Over 4,000 companies use Gifted to power their rewards and recognition program. We always think customers vote with their dollars and so it’s worth noting they are profitable, with over 90% client retention.
Worth Checking Out: Gifted is rolling out a self serve product, great for smaller companies who want to get started with employee rewards on a budget.
Benefits of Employee Rewards Solutions
The best employee rewards programs benefit employees, as well as the people operations teams that use them. These benefits are great for companies looking at starting a new employee rewards program, as well as employers who are looking to upgrade to one of the best vendors.
Here are the key benefits of employee rewards and recognition programs:
Increase Engagement: When you partner with the right vendor, your employees will be engaged on a regular basis in a positive way that also reinforces company values. This leads to higher output, more referrals to fill open reqs, and generally a happier place to work.
Increase Retention: One of the other key benefits of increased engagement is higher retention. The cost of replacing employees is extremely high, and so anything HR can do to drive higher retention has a huge impact on the business.
Personalization: You most likely spend money each year on company perks. Maybe it’s really good coffee, craft beer, or fun outings. But, it’s hard to make everyone happy. Some people don’d drink coffee or alcohol. Some have kids and can’t participate in many outings. An employee rewards and recognition program allows you to re-allocate a part of the budget which is making only some people happy, and allow individuals to select perks that are impactful to them.
Automation: Using one of the best employee rewards platforms means that a lot of the work HR has to do to encourage utilization of the platform is automated. At the most basic, this starts with employees getting recognized for work anniversaries, birthdays, or for things like employee of the month. In the best case scenario, the tool you pick creates a virtuous cycle of employees receiving and giving rewards to one another.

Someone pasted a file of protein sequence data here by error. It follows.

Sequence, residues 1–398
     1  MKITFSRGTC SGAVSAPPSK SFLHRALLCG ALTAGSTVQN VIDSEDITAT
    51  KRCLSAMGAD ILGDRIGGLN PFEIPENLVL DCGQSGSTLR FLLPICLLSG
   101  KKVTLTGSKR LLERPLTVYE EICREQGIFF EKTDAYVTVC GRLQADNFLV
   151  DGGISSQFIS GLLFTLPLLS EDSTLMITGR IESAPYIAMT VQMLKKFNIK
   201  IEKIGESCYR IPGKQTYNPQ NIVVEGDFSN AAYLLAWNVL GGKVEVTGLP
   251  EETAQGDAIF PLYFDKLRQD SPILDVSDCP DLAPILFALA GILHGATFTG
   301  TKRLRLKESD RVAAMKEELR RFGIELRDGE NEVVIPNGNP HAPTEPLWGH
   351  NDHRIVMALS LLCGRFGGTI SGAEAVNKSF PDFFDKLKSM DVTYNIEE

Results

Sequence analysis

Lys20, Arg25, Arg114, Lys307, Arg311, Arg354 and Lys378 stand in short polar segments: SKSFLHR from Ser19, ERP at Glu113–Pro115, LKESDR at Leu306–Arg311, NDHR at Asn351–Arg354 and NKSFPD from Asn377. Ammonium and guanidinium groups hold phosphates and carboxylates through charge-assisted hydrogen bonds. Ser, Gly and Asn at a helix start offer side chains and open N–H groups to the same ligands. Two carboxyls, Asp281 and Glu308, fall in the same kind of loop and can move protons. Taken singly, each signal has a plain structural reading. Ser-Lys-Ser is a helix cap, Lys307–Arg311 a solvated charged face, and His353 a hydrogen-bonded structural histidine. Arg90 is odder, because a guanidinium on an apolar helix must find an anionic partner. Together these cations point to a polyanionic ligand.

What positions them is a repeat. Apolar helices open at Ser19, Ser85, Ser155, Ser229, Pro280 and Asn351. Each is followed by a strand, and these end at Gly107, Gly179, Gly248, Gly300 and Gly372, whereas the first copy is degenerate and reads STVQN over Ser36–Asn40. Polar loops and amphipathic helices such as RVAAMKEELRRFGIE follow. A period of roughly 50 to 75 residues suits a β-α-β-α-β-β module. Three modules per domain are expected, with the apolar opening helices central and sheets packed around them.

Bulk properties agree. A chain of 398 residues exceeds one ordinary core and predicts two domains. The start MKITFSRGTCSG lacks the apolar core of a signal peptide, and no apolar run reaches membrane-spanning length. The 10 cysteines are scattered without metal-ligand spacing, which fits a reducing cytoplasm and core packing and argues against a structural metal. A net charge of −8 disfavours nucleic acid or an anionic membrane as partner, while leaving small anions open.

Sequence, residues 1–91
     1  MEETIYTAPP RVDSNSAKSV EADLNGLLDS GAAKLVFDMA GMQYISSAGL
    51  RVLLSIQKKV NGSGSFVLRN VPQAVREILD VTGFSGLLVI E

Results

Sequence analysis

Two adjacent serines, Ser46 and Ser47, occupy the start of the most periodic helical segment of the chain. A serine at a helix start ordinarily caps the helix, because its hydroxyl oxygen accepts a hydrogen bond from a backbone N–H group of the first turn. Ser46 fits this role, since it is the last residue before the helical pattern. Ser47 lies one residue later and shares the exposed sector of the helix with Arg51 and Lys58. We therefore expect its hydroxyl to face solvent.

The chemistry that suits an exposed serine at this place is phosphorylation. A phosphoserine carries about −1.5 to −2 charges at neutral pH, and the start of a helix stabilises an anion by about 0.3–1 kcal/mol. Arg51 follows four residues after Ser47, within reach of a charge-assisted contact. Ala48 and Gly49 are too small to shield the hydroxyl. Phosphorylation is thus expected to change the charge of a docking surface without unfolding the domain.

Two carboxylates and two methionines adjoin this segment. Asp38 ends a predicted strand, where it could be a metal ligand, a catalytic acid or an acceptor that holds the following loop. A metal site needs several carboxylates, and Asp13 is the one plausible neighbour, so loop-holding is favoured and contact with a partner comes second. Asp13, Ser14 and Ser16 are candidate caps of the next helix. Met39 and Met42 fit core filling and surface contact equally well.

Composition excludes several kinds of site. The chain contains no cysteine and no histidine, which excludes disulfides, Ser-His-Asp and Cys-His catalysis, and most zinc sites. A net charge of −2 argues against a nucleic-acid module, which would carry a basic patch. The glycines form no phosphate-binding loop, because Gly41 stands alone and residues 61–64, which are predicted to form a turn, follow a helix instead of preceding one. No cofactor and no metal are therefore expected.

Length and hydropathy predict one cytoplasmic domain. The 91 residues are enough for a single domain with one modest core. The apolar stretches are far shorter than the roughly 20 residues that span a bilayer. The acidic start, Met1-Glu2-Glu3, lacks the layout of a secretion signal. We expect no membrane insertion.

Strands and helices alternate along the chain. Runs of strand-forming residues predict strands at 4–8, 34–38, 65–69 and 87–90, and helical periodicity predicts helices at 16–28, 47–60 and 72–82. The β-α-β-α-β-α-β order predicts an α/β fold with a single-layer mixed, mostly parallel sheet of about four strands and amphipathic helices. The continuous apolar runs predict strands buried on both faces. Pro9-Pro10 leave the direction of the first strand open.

Save Time: If your people operations team has been spending cycles planning out when and how to give employee rewards, you’re in luck. The vendors in this space all have built in playbooks for how your rewards program should work. Some even have dedicated consultants that will work to customize your program for you.
Employee Rewards and Recognition Best Practices
Chances are, implementing an employee rewards and recognition program isn’t the only thing going on in your job. It’s easy to stumble into the various pitfalls when buying and starting one of these programs. Here are the best practices we’ve collected from talking to a few dozen HR professionals about their employee rewards initiatives.
More Than Money: Something we found somewhat counterintuitive is that these programs are not all about money. In fact, there is very little correlation between the dollar value offered to employees and the impact of the program on retention and engagement.